Almost unbelievable but true: a French Tiger helicopter lands on a Libyan beach to pick up a Free Libya flag

When I first was asked if I had news about the episode I thought of a hoax. I could not believe that any NATO chopper involved in Operation Unified Protector would ever dare to land on a beach with the risk to be hit by MANPADS, RPG, guns presumed to be smuggled from Gaddafi’s depots, unless it was compelled to do so because of a failure. I was wrong.

Look at the following video. One of the two French Tiger helicopters (without any evident escort or cover) lands on a Libyan beach to pick up a flag from a young girl.

It’s at least a curious episode and I can’t find a reasonable explaination for it.

That kind of helicopter operated off the Mistral ship until it was relieved by Tonnerre on Sept. 18. According to the information made available by the French MoD at the beginning of September the helicopters on board Mistral had flown about 280 combat sorties claiming the destruction of no less but 500 targets.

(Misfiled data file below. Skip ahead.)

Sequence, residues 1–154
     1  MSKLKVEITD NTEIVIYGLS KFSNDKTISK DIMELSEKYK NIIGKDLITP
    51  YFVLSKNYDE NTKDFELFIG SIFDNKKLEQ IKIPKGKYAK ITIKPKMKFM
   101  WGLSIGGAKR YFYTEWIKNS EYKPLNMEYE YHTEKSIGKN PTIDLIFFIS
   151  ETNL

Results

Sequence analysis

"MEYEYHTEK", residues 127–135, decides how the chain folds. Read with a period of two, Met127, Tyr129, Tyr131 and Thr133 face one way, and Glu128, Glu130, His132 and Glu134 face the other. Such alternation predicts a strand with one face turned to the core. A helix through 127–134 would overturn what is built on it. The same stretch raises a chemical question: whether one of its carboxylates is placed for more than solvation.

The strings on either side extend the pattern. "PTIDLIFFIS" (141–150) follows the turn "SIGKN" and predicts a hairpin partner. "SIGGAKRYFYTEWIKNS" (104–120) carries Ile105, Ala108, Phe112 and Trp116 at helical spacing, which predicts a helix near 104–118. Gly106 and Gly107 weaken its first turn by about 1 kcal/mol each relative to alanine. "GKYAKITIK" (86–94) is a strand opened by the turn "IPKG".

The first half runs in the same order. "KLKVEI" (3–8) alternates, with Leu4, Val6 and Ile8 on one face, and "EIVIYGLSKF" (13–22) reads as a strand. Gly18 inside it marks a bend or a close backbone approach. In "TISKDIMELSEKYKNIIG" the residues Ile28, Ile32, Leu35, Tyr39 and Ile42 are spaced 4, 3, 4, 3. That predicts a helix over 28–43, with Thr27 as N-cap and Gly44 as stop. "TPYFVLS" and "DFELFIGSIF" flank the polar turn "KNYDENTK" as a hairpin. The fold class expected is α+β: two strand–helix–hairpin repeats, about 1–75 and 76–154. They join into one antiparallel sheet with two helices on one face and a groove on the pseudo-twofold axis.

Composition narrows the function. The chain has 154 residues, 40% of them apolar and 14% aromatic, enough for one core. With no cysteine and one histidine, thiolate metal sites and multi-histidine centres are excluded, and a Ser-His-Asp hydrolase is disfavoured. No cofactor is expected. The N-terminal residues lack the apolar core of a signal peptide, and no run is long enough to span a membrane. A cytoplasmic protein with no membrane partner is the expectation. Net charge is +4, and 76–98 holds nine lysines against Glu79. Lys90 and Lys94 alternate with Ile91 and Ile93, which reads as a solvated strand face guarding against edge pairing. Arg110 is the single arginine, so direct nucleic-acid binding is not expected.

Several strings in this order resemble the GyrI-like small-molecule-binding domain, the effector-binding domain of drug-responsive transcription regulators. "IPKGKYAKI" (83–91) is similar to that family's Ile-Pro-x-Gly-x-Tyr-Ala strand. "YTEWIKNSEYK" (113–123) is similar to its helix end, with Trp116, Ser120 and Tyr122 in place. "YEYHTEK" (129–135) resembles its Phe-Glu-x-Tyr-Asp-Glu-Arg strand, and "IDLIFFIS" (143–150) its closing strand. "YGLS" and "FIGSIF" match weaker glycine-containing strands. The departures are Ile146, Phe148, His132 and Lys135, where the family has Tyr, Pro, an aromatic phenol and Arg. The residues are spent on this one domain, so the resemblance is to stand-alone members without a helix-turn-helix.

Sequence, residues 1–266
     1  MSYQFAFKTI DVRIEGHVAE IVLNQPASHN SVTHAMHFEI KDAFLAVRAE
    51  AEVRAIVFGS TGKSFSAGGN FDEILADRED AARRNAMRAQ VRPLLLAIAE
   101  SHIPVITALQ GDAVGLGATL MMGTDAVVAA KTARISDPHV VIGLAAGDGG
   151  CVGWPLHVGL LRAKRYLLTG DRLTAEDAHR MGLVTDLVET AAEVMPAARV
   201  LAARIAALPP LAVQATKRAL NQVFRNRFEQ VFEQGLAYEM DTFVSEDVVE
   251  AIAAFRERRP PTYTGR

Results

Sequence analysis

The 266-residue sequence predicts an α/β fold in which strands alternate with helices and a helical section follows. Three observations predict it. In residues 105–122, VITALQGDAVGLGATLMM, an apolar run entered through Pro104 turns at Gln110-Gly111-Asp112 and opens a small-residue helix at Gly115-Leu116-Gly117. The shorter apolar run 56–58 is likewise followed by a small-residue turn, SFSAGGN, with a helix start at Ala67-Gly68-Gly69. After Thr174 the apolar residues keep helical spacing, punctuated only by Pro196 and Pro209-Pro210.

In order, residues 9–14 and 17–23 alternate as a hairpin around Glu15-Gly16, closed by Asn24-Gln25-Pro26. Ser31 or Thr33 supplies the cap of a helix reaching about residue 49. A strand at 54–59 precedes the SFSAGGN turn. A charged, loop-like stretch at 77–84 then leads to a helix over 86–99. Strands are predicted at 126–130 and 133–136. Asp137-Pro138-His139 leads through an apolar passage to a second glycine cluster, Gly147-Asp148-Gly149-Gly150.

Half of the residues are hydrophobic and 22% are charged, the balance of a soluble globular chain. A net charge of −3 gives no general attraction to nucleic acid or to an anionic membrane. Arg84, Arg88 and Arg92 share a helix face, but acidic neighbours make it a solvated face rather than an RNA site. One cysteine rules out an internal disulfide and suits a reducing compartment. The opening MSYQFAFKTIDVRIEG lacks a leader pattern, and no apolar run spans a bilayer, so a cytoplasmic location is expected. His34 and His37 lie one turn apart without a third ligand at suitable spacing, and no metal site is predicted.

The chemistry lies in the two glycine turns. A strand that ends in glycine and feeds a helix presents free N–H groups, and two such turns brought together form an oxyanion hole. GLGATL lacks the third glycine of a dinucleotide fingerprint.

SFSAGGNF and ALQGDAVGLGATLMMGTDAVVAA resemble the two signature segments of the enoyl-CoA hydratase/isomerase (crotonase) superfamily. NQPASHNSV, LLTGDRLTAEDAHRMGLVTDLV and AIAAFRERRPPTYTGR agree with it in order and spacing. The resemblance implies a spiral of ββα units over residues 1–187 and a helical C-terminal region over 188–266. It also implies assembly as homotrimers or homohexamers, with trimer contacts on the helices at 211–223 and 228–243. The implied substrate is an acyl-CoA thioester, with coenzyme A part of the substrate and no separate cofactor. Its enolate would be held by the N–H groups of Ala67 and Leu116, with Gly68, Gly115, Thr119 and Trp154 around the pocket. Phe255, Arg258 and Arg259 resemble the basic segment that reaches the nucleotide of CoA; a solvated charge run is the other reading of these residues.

The French helicopters (including Gazelle and Puma) flew their sorties mainly at night and often came under fire from a wide range of weapons: from light and heavy machine guns, to ZSU-23-4s and ZU-23s,  to MANPADs. None was damaged. Still, this doesn’t mean they can’t be hit and landing on a beach without any escort or top cover can be extremely dangerous.

Another episode of a marketing/propaganda campaign?

About David Cenciotti
David Cenciotti is a journalist based in Rome, Italy. He is the Founder and Editor of “The Aviationist”, one of the world’s most famous and read military aviation blogs. Since 1996, he has written for major worldwide magazines, including Air Forces Monthly, Combat Aircraft, and many others, covering aviation, defense, war, industry, intelligence, crime and cyberwar. He has reported from the U.S., Europe, Australia and Syria, and flown several combat planes with different air forces. He is a former 2nd Lt. of the Italian Air Force, a private pilot and a graduate in Computer Engineering. He has written five books and contributed to many more ones.